The impact of China's emergence as a textile giant is particularly devastating for smaller developing countries with less diversified economies, especially in Africa. At the beginning of 2005, the US International Trade Commission issued a report on the impact of MFA termination, identifying Lesotho, Kenya, and Mauritius as particularly vulnerable.

In 2000, China established the pro-business, China-African Cooperation Forum with 44 African nations, paving the way for a free trade and investment pact with the region. With today's upsurge of Chinese textile exports to Africa at relatively cheaper prices, the results are clear for all to see.

Guiru Ling, Economic and Commercial Counselor at the Chinese embassy in South Africa, acknowledges that Chinese textile and clothing industry, accounts for 50% of Chinese GDP. Meanwhile in Africa, textile and clothing industries are closing in spades. Evaluating the impact of the escalating textile and clothing imports from China, it is clear that the results are incontestably negative on the economies of most countries.

By January 2005, six textile factories had shut down in Lesotho, rendering 6,650 people jobless. In Malawi, 2,511 jobs were cut in the textile industry, between January and March. 30,000 jobs are at stake in Swaziland's textile industry. In relatively well-of South Africa, 86% of all clothing and 60% of towels and blankets comes from China.

Tanya Van Meelis, Trade and Industry Policy Coordinator for the Congress of South African Trade Unions, says this  "dramatic increase" in textile imports has led to "unacceptably high rise of unemployment" sending South Africa's trade balance "strongly into  the negative".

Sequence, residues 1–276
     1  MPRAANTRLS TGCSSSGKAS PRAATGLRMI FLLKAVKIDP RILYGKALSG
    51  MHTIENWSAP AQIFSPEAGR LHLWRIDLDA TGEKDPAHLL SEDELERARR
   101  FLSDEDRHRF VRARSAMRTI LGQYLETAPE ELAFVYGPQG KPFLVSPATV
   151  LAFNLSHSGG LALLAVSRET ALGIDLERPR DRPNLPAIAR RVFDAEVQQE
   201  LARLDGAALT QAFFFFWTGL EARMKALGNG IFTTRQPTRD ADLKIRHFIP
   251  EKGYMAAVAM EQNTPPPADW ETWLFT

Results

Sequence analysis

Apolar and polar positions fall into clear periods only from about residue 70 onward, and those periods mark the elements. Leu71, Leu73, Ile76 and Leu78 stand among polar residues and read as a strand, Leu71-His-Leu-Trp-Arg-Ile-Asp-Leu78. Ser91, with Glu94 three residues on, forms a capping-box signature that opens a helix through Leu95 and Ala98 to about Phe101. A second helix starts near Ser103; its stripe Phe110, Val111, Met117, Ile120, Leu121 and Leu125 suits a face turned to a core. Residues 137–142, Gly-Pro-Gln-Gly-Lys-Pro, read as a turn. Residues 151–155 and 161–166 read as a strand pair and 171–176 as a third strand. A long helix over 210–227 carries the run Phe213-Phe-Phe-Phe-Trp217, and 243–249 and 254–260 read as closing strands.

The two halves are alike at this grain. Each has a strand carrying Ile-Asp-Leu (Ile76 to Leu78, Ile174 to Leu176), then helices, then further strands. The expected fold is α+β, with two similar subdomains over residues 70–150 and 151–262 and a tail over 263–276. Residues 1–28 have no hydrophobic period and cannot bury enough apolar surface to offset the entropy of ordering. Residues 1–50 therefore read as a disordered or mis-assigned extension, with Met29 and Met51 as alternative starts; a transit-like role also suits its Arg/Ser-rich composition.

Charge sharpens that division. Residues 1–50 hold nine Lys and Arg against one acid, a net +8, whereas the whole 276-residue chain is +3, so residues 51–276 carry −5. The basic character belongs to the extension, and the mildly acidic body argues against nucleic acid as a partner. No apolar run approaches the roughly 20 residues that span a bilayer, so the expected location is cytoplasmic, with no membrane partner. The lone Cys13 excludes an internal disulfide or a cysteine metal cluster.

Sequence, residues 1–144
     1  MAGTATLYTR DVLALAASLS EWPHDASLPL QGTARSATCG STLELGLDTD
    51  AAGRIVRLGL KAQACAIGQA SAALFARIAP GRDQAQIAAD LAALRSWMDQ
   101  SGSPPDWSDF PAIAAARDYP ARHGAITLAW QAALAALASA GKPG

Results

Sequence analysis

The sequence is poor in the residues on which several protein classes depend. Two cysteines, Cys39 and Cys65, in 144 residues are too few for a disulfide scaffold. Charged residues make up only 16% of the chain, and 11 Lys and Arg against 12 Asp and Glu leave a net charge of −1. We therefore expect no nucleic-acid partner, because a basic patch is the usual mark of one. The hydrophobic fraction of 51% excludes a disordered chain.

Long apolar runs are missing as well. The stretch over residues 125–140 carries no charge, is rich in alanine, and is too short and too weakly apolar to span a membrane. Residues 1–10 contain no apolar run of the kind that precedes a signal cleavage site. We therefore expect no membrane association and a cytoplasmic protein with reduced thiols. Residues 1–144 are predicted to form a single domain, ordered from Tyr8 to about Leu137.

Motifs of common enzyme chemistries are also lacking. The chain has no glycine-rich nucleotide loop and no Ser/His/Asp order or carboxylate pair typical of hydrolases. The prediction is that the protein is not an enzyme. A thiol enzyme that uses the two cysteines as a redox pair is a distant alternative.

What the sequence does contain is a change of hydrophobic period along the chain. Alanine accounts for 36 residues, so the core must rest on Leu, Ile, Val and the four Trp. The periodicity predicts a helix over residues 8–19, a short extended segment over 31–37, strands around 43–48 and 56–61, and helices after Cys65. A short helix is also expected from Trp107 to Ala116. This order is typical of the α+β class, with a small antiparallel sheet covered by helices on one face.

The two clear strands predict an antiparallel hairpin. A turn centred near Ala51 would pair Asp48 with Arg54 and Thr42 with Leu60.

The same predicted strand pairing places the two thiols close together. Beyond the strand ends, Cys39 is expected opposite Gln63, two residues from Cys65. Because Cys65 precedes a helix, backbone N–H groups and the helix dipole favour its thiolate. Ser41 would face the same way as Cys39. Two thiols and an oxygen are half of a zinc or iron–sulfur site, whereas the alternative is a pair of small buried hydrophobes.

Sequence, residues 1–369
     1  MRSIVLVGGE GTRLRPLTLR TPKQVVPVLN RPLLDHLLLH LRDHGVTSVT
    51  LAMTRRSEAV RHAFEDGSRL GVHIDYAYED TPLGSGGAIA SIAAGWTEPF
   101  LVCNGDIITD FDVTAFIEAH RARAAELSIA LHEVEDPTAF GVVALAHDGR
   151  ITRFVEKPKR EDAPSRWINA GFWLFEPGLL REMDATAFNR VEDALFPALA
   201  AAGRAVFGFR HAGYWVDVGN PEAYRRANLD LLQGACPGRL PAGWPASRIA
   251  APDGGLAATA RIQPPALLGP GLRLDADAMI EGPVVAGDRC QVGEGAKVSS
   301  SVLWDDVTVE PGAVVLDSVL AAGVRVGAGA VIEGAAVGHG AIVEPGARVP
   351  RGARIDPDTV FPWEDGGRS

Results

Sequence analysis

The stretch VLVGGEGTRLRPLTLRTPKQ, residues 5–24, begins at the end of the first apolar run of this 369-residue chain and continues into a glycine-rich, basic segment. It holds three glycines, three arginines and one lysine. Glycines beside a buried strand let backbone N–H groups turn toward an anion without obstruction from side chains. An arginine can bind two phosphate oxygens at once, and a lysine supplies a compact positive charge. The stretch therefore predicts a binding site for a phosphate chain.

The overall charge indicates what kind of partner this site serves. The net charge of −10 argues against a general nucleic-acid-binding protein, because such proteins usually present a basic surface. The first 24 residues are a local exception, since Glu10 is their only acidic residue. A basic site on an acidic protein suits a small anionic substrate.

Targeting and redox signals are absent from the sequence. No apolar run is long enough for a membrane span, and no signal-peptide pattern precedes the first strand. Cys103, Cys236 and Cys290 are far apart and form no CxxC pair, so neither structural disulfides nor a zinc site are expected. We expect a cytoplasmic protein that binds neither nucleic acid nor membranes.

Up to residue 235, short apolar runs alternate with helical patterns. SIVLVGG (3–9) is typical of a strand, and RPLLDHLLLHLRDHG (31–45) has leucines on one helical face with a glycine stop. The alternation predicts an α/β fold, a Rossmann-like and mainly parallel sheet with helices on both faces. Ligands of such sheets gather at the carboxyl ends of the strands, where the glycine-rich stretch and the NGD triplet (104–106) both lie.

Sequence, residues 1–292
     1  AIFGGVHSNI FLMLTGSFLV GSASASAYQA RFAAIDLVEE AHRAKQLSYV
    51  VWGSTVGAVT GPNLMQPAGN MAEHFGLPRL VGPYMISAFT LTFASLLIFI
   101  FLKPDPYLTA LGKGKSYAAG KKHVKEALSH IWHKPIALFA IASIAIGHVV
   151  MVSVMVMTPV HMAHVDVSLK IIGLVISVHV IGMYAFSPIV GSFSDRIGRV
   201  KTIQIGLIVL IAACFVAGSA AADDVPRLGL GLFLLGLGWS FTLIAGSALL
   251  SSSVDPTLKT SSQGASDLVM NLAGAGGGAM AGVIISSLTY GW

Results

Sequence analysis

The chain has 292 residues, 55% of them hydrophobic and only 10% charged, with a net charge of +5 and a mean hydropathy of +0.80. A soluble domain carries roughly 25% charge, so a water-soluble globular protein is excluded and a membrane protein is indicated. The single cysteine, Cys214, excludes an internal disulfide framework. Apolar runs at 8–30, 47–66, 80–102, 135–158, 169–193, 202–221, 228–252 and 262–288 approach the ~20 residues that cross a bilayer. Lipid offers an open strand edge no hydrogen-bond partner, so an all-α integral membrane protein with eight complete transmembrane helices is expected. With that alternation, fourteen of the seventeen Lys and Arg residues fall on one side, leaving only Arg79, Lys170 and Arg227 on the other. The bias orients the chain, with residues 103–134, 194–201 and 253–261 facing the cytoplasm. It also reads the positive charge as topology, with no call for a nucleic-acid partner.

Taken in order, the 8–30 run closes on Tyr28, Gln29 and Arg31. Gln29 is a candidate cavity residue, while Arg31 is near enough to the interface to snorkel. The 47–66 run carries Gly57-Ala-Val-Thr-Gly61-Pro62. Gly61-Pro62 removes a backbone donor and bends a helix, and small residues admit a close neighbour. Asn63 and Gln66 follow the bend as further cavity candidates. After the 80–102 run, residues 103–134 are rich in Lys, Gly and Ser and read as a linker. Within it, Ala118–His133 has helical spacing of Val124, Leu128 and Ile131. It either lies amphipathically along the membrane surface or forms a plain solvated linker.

Finger of Blame:

Jeffrey Abaroobam, Production manager at the Gregory Knitting Mills Ltd, looks furiously at a printing machine which he says has been out of duty for 6 months as a result of no printing commands, and says bluntly:  "the Chinese are fucking us up good and solid. If it weren't for them, this machine would have been working".

Brian Brink, Executive Director of the South African Textile Federation, says "India is as dangerous as China". Van Meelis states that the import of second hand clothing is also "killing the South African industry". According to EUROSTAT, in 1998 for example, the European community exported some 515, 800 tons of second hand clothing to developing countries. Germany alone exported some 150,000 tons mostly to Africa.

Guiru Ling, says China's "market expansion" in the world textiles and clothing industry is "nothing to blame" because 'it is integration that brought China this right"

In May 2005, then French Foreign Minister, Michel Barnier, said the situation was "grave" and urged the EU  to "act without delay to save European textile jobs". Carlos Guiterrez, US Commerce Secretary, said earlier this month that China risks " an outbreak of protectionism" if it does not "revise" its export policies on textiles. Earlier this year, Eneko Landabum, Director General of External Relations at EU said the EU's stand, similar to that of the US,  was "consultative and very reasonable."  Mr.Ling calls such threats a "wrong move, a discriminatory doing which will never be accepted by China."